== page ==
However exciting the prospect, pizza delivery will make up only a small portion of this market. One of the largest predicted applications is precision agriculture: by equipping UAVs with cameras and sprayers, for examples, farmers can determine exactly where pesticides or herbicides are needed and quickly apply the chemicals without wasted effort. Drone fleets could also prove invaluable to mining operations, where constantly updating images could inform managers about important changes in open pit mines.

Although civilian drones may be some years away in the US, the Chinese delivery company SF Express is already using UAVs to deliver small packages, and Canada has a certification program in place for aspiring pilots. Perhaps a little healthy international competition will help America move forward on freeing its skies to drones… and maybe Lady Gaga.

Follow-Up: Genetic Disease Testing and the FDA

In June, I published a post on genetic disease testing after the highly publicized double mastectomy of actress Angelina Jolie, who had the procedure after a genetic screen showed she possessed a version of the BRCA1 gene associated with breast cancer. Consumer genomics has since garnered attention from the US Food and Drug Administration, which claims that manufacturers of home genetics kits are effectively selling unlicensed medical devices. The FDA’s scrutiny of genetic testing recently escalated in a strongly worded letter sent to Anne Wojcicki, the CEO of 23andMe, the largest American manufacturer of these tests.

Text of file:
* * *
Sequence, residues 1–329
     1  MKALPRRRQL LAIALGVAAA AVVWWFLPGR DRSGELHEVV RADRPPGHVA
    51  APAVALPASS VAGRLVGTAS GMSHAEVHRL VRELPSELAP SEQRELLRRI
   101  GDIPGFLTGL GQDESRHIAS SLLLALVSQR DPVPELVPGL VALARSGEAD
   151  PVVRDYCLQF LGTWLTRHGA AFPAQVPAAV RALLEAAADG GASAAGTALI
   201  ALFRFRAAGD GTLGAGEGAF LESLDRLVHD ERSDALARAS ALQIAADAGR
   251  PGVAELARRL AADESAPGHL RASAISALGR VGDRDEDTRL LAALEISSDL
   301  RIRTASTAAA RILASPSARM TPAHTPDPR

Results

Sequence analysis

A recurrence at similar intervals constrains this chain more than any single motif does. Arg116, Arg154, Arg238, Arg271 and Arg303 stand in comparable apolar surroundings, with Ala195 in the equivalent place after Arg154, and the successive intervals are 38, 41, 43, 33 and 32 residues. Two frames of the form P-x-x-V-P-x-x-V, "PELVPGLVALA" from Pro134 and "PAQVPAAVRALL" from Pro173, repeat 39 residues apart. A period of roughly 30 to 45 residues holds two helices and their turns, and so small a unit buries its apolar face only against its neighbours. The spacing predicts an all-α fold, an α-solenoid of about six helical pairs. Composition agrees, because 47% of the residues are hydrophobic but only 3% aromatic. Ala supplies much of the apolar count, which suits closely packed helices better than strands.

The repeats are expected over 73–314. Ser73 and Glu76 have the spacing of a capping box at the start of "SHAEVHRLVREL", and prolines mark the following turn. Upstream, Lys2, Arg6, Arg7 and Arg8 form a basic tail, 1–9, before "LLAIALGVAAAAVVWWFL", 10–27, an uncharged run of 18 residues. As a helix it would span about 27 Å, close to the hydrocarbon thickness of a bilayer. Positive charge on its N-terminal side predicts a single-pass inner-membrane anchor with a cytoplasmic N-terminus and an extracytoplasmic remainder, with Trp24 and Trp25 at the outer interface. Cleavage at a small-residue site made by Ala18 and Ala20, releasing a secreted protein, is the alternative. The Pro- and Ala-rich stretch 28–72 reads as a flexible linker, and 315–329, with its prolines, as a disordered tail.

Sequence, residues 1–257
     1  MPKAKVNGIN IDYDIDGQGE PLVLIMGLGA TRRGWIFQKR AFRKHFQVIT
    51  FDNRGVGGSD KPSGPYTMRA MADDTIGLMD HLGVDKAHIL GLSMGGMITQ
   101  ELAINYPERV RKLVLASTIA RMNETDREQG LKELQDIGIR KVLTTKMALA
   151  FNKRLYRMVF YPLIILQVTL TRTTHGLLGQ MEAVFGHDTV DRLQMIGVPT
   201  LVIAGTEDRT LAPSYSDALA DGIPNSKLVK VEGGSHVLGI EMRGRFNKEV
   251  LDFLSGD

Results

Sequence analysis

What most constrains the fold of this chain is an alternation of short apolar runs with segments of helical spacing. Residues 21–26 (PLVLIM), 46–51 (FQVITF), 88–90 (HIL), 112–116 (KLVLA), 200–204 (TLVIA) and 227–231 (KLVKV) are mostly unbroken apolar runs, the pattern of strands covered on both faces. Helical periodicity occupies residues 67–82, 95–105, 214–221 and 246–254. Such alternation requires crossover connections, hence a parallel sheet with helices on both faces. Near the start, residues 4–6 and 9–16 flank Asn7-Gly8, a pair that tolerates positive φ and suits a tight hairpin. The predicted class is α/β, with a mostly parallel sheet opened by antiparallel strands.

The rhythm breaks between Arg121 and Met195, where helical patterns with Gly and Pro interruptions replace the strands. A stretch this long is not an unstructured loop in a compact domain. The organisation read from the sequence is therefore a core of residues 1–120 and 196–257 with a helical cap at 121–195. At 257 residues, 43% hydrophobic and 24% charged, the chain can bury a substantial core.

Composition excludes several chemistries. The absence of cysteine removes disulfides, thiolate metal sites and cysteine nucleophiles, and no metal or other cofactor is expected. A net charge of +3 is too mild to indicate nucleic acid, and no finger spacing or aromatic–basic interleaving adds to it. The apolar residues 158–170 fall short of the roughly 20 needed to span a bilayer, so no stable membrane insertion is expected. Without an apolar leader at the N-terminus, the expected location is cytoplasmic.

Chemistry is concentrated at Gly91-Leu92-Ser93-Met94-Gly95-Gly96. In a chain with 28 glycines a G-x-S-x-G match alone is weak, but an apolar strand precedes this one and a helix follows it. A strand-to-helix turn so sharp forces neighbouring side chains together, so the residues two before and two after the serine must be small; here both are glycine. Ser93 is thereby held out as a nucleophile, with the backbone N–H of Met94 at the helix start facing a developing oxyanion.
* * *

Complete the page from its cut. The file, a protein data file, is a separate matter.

Anne Wojcicki, CEO of 23andMe, courtesy of 23andMe.

In this warning letter, FDA director of in vitro diagnostics and radiological health Alberto Gutierrez ordered 23andMe to “immediately discontinue marketing the PGS [Personal Genome Service, the company’s genetic testing kit] until such time as it receives FDA marketing authorization for the device.” Although the company has previously attempted to register some of the tests included in the PGS under 510(k) applications, which bypass costly clinical trials by proving that a test is substantially the same as one already on the market, the FDA claims that these efforts are insufficient for the long list of conditions assayed by the kit